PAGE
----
“If I am condemned, why then do I labor in vain? If I wash myself with snow water, and cleanse my hands with soap, yet You will plunge me into the pit, and my own clothes will abhor me. For He is not a man, as I am, that I may answer Him, and that we should go to court together. Nor is there any mediator between us, who may lay his hand on us both. Let Him take His rod away from me, and do not let dread of Him terrify me. Then I would speak and not fear Him, but it is not so with me.”—Job 9:29-35, NKJV

Job speaks for all mankind. He finds himself condemned, perverse, without hope of righteousness; a man who “labored in vain” to attain righteousness and washed himself with “snow water and soap” only to be plunged into the pit of perversity by the pure holiness of God.

This is the outcry of mankind since the Fall: to be free from the humiliation of sin, to speak with God and walk with Him without fear or shame—to be as Adam and Eve in Paradise!

And here is the key verse: “Nor is there any mediator between us, who may lay his hand on us both.”

Job desires a mediator; someone who will close the great chasm that separates the Most High from the lowest of the low.

Who is the mediator between God and man? Who is the desire of all mankind? Who is the only hope of righteousness and salvation for the sons of men? And what cleanses all sin? Who but Christ Jesus, and His shed blood!

The Book of Job chronicles the outcry of a fallen world, and the miserable existence of man separated from God, with no one to stand in the gap.
Though often considered a depressing book, Job is a constant reminder of how infinitely important the death, burial, and resurrection of Jesus Christ really is.

Thursday, March 17, 2016


On Love: The World’s Definition vs. God’s

          By Ruth Verrinder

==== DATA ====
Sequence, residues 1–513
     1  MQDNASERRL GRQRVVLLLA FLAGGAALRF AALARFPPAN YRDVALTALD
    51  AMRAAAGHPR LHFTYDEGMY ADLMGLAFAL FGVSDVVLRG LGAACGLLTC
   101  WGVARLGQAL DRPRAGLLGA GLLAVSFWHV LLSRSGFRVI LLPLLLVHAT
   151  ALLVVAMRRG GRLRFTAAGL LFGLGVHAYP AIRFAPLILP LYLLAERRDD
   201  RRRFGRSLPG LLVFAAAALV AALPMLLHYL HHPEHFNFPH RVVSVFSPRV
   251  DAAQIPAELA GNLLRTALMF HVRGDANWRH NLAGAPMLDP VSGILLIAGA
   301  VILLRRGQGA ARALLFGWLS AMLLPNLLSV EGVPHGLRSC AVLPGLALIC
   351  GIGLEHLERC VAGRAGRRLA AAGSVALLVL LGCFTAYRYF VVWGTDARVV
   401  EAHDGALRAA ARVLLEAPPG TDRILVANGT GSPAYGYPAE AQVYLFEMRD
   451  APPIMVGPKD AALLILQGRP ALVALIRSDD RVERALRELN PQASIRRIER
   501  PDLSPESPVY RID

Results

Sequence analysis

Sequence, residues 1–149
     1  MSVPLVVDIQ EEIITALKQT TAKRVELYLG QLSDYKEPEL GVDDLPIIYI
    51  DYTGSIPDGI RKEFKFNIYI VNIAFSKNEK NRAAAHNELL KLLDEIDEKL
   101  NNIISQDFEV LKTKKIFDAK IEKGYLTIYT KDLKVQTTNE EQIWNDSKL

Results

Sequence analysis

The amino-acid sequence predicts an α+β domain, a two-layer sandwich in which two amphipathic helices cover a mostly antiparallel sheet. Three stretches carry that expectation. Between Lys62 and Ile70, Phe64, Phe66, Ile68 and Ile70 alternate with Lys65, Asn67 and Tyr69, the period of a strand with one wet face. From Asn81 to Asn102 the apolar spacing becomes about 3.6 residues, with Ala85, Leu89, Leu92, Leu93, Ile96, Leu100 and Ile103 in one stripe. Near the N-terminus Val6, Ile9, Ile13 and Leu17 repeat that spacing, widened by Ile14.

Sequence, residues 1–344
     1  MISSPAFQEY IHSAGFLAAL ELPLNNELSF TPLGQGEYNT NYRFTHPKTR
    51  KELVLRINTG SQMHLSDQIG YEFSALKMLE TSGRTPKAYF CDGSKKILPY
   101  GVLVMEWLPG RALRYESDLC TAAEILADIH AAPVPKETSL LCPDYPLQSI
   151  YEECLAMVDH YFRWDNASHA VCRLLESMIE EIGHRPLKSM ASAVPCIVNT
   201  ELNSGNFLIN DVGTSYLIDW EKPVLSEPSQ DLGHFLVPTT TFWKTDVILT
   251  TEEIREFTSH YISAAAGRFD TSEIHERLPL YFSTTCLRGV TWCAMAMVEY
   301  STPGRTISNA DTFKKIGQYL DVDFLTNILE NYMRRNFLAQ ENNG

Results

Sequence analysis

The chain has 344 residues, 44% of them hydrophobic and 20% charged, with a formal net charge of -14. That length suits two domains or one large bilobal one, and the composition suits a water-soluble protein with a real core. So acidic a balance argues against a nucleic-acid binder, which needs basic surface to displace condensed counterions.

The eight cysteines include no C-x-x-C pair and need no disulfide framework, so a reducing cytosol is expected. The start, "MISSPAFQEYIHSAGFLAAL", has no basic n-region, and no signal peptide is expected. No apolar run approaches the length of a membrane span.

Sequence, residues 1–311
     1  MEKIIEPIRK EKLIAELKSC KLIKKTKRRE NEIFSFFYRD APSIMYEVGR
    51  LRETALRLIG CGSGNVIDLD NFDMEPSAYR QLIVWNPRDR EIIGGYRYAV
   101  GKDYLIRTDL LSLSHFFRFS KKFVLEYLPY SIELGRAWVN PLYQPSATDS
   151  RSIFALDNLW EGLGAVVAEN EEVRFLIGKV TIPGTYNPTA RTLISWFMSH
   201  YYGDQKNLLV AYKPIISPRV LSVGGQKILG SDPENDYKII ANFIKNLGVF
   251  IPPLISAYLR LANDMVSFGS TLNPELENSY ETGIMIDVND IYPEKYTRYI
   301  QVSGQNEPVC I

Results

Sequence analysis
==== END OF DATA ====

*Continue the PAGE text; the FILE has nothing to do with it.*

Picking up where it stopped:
I WAS INSPIRED TO WRITE AN article on the subject of love from a Biblical viewpoint some months ago, but waited until now for two reasons: one, because I was not, at the time, ready, and two, because the month of Valentine’s Day seemed appropriate for such a subject. At any rate, much thought and preparation has gone into this, and it is my ardent prayer that it will prove enlightening and beneficial to some, if not all, my readers. I have no doubt that it will, if indeed it is all from the Lord, for we know that His Word “does not return void.”

Love is a wildly misunderstood concept. To the world, it is often synonymous with passion, desire, or sentiment. It is commonly accepted to be merely an emotion springing from the heart—the heart, which is “wicked and deceitful above all things,” according to Scripture. It is sad to think how the world takes a great and admirable thing like love, and entrusts it to the keeping of the most untrustworthy part of the human being! It is because of this mistake that so many misconceptions of love have been made. Perhaps one of the most prominent today is the idea that love is tolerance. So many people are convinced that a loving nature is one that accepts and allows anything and everything—whether evil or good—if it makes someone happy. There are so many problems with this! For one, the world has a very warped concept of happiness, correlating it with the sensual pleasures of sin rather than the righteous joy of Christ. This mistake leads people to tolerate wickedness, even if they know it to be evil, because they think it makes someone happy. They don’t understand that one can never truly be happy with sin and that it would be ever so much better to speak the truth as gently as possible and let it hurt as it may. The pain is bearable and temporary, and it is necessary to ensure a real happiness in the future. Unfortunately, the idea of tolerance being mandatory to love is one that many Christians have bought into. Christians are not perfect. Although in soul and spirit we have been cleansed from our sin, we still dwell in a sinful body which we must overcome. This includes the “bad side” of the heart—which causes most, if not all, of the problems of misunderstanding love.